Students get unique opportunity to perform Shakespeare two ways
Thursday, December 15, 2011
Conservatory Theatre Company stages Illyria, Twelfth Night back to back
Above: Students perform in Twelfth Night. Click the photo to view photos from Twelfth Night and Illyria.
Conservatory of Performing Arts theatre students had the unique opportunity to perform both classic and contemporary Shakespearean works back to back during the fall 2011 semester.
The Conservatory Theatre Company presented Illyria, the musical based on Shakespeare’s Twelfth Night, by Peter Mills and Cara Reichel, and Shakespeare’s classic comedy, Twelfth Night.
Illyria gave students, staff and faculty a chance to work on a modern twist of a classic tale.
“I love Shakespeare, so the fact that Illyria is an adaptation is very attractive to me,” said director Scott Wise, an assistant professor in the theatre department. “I think Peter Mills’ score is terrific. I am generally interested in projects that are open to creative design. I like the mix of Elizabethan and contemporary language."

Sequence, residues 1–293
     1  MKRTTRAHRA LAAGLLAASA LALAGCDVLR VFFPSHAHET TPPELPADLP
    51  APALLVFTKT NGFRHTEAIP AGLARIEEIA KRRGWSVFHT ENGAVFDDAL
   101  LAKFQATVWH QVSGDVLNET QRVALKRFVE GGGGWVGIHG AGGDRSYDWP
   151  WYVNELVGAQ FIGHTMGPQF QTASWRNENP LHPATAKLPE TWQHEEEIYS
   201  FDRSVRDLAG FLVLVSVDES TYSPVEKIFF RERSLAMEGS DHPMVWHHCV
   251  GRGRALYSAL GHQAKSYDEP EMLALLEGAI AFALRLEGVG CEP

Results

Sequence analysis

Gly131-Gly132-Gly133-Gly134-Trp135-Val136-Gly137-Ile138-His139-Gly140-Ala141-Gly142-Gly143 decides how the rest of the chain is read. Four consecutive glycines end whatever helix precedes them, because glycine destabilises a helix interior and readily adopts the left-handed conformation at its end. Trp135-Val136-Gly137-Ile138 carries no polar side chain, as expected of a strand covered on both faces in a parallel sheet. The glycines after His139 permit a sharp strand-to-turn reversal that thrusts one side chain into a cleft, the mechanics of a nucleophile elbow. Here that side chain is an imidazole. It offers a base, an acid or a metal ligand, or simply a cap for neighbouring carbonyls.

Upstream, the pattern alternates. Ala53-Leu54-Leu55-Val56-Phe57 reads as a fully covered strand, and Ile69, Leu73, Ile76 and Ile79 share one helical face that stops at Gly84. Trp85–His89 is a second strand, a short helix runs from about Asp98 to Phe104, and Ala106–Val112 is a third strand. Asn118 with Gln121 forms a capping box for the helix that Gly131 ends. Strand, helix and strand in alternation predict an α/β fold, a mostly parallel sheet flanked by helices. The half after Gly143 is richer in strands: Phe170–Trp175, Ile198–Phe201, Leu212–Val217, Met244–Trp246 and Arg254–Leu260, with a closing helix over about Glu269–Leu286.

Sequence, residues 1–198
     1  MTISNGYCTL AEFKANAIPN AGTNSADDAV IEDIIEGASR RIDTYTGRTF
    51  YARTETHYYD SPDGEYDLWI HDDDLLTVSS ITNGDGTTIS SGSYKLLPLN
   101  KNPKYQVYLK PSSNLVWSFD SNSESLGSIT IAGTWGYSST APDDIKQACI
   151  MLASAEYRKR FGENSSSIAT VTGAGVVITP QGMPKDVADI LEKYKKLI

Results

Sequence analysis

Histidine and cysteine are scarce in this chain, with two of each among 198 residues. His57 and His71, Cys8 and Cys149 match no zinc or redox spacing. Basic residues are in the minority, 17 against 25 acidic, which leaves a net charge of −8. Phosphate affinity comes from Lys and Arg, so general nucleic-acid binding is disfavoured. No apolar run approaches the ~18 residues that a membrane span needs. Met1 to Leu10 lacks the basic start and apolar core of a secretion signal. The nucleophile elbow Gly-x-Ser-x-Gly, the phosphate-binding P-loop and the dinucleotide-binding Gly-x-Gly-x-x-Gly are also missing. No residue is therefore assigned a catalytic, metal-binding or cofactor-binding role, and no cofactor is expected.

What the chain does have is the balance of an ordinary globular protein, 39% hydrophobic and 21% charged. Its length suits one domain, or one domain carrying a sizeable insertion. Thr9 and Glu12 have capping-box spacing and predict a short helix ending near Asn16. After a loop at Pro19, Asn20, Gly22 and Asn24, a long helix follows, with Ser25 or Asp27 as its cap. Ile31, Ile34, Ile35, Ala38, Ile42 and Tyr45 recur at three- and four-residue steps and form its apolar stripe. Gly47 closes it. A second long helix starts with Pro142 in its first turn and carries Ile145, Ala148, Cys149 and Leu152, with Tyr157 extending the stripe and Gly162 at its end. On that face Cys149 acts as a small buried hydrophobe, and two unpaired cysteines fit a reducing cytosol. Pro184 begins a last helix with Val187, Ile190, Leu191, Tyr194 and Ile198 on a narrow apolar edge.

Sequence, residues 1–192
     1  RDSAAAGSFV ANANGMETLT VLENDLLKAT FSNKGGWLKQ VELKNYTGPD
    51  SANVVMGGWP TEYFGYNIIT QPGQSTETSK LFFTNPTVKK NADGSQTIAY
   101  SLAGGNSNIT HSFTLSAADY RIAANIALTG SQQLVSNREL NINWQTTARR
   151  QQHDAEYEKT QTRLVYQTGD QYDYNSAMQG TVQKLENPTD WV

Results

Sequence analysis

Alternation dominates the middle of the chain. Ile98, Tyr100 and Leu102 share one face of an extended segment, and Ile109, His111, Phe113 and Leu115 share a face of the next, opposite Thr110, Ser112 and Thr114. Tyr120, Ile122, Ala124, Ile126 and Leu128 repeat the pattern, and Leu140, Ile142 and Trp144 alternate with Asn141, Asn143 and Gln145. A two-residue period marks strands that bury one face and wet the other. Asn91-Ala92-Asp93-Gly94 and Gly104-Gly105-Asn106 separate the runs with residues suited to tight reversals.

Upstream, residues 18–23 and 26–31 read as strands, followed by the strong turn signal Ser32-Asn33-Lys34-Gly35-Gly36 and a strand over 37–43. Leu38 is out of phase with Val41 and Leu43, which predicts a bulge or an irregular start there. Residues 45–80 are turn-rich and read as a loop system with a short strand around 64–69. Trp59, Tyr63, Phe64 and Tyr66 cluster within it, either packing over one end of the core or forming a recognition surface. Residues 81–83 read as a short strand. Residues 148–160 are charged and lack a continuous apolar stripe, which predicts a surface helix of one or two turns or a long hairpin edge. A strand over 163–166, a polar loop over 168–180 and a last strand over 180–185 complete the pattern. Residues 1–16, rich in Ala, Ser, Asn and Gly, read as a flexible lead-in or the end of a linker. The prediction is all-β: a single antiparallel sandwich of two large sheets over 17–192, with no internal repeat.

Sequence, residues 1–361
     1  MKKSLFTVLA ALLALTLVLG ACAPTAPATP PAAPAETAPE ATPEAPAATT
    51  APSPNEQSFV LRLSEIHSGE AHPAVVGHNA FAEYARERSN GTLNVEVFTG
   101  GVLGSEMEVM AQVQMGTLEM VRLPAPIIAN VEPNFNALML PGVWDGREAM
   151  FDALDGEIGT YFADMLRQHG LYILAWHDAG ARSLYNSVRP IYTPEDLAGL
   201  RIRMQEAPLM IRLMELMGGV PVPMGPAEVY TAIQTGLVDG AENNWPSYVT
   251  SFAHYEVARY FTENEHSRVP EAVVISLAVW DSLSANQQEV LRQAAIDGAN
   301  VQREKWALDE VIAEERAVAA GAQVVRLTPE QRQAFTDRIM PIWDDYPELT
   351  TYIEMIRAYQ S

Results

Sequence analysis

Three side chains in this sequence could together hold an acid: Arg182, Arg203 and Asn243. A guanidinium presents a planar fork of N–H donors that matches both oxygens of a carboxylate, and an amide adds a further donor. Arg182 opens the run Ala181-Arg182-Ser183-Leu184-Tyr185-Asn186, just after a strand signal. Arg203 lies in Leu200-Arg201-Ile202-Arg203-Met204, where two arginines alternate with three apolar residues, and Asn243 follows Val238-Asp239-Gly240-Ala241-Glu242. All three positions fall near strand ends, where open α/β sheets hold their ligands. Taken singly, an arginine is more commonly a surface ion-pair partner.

Senior B.F.A. theatre major Jaron Frand, who plays Sebastian, said, “Illyria is a fairly new musical that has not been produced too many times. So for us, it’s like we’re creating a whole new piece ... developing a new work. We essentially have the opportunity to create our own world of characters, based on Shakespeare’s original text. As an actor, I got the chance to create something new while learning about something so traditional.”
Twelfth Night has given the students the opportunity to perform Shakespeare but with a twist — the Conservatory Theatre production is set in the 1920’s in the Hamptons.
Kelsey Boze, a member of the ensemble, said, “I definitely have a better understanding of Shakespeare and his language after doing this show. Especially since Bridget Connors (director of the show and professor in the theatre department) is the Shakespeare queen! Her voice and speech, and text work has made me view Shakespeare in an entirely different way. It is a language of its own and there are so many levels within it. But through rehearsals, we explored the text and now it isn't an obstacle anymore, it's a tool.”
Article by Tess DeStefano, sophomore acting major